testified that the Sri Lankan army broke his hand and his mother’s hand but later

admitted that they had not broken his hand.

      Ratnam does not deny that those inconsistencies exist. Instead, he argues that

“there can be various reasons … for the absence of entry stamps” on his passport;

that perhaps transliteration errors caused the names to be spelled differently; that the

“common sense answer” about the father’s death is that the “government issued

death certificate” would not say that the Sri Lankan Army had killed him; and that

the translator at Ratnam’s hearing must have made a mistake in interpreting his story

about the army breaking his and his mother’s hands. But, even assuming those

explanations are reasonable, our precedent does not require an immigration judge to

accept reasonable explanations of discrepancies and find that an applicant is

credible. See Shkambi v. U.S. Att’y Gen., 

584 F.3d 1041

, 1051 (11th Cir. 2009)

(“Although Shkambi offered his fear as an explanation for these omissions and

inconsistencies, that explanation does not compel a conclusion that Shkambi was

credible.”); Chen v. U.S. Att’y Gen., 

463 F.3d 1228

, 1233 (11th Cir. 2006) (holding

that even if an asylum applicant offers tenable explanations for record-




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inconsistencies, those explanations do not compel reversal of the immigration

judge’s adverse credibility determination).

       Because the record as a whole does not compel an alternative credibility

finding, we must accept the immigration judge’s credibility determination, which

leaves us with no credible evidence that Ratnam is a Sri Lankan Tamil. All of

Ratnam’s arguments that he was, or will be, persecuted because of a statutorily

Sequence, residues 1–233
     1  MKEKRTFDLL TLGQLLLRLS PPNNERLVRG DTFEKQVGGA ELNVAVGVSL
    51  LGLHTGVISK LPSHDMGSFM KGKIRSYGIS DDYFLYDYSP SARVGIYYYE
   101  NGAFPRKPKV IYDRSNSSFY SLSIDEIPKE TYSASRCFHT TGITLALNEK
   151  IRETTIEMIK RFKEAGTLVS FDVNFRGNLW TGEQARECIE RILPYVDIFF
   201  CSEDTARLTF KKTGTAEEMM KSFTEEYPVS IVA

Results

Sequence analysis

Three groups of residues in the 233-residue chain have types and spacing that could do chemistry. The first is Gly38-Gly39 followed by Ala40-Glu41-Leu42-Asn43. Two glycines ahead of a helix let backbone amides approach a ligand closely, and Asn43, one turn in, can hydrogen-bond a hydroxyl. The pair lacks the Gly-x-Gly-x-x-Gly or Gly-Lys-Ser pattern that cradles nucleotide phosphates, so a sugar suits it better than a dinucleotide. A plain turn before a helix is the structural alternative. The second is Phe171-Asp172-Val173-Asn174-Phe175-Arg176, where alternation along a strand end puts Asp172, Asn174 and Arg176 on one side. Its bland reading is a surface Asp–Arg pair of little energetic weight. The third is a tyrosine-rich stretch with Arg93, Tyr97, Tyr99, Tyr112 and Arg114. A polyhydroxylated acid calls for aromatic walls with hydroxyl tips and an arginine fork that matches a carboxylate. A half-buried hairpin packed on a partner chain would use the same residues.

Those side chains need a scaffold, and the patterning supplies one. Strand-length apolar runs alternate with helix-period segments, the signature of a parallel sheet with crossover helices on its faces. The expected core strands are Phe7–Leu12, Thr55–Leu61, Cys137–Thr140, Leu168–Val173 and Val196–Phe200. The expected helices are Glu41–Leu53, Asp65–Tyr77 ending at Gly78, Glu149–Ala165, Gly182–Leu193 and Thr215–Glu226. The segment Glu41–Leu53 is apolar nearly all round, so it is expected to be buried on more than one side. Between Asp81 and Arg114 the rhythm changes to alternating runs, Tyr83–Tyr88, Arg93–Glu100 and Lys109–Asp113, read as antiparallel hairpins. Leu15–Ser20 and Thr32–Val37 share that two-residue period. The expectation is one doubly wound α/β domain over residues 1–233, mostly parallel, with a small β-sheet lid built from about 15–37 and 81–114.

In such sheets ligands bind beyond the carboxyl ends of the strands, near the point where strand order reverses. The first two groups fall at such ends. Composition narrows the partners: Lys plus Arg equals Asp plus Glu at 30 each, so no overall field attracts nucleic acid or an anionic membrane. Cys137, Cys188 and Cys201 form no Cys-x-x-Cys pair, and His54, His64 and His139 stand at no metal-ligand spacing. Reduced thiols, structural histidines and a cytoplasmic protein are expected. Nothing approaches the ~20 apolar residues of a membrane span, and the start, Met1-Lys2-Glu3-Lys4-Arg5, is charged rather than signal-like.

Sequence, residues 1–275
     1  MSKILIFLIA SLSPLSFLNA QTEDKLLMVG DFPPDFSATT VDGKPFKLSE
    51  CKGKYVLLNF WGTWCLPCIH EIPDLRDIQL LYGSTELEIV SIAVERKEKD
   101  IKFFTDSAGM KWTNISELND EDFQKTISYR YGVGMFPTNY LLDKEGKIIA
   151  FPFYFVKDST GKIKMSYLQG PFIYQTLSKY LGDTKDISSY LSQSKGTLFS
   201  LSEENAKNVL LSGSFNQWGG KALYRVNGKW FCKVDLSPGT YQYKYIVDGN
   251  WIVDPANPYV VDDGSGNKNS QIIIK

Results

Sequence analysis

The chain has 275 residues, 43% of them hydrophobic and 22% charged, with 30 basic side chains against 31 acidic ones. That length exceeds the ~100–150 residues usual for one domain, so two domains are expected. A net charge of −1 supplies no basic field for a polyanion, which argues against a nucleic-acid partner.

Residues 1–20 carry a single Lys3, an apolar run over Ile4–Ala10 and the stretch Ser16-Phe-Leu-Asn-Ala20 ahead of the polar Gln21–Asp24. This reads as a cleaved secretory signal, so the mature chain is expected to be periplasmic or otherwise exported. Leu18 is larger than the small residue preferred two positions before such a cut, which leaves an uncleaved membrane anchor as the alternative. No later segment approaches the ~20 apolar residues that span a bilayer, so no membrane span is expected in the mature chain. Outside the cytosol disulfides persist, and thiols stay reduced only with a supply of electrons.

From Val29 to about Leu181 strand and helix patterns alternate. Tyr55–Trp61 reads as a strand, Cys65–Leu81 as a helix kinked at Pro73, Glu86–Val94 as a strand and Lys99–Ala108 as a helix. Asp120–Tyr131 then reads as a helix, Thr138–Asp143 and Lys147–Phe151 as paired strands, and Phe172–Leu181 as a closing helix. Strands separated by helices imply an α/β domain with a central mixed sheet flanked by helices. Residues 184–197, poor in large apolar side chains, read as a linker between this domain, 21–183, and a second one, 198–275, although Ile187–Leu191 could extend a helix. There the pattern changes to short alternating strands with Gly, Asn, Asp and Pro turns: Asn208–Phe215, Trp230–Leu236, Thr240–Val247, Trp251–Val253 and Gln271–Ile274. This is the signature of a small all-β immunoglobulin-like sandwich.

protected ground require him to be Tamil. 2 Without credible evidence that he is

Tamil, Ratnam cannot meet his burden to establish eligibility for asylum or

withholding of removal. See 8 C.F.R. §§ 1208.13(a), 1208.16(b); see also Forgue v.

U.S. Att’y Gen., 

401 F.3d 1282

, 1288 (11th Cir. 2005) (“Because Forgue has failed

to establish a claim of asylum on the merits, he necessarily fails to establish

eligibility for withholding of removal or protection under CAT.” (citation omitted)).

                                              IV.
       Substantial evidence supports the BIA and immigration judge’s adverse

credibility determination, which forecloses Ratnam’s claims for asylum and

withholding of removal. Ratnam’s petition for review is DENIED.




2
  Ratnam also argues that he has a fear of persecution upon removal because he is a failed asylum
seeker. But he concedes that this additional claim must be considered “in conjunction with” his
Tamil ethnicity and argues that the BIA erred in considering his failed-asylum-seeker argument
independently of his Tamil ethnicity. Because of the immigration judge’s credibility finding about
Ratnam’s Tamil ethnicity, Ratnam’s argument that he is likely to be persecuted as a failed asylum
seeker also fails.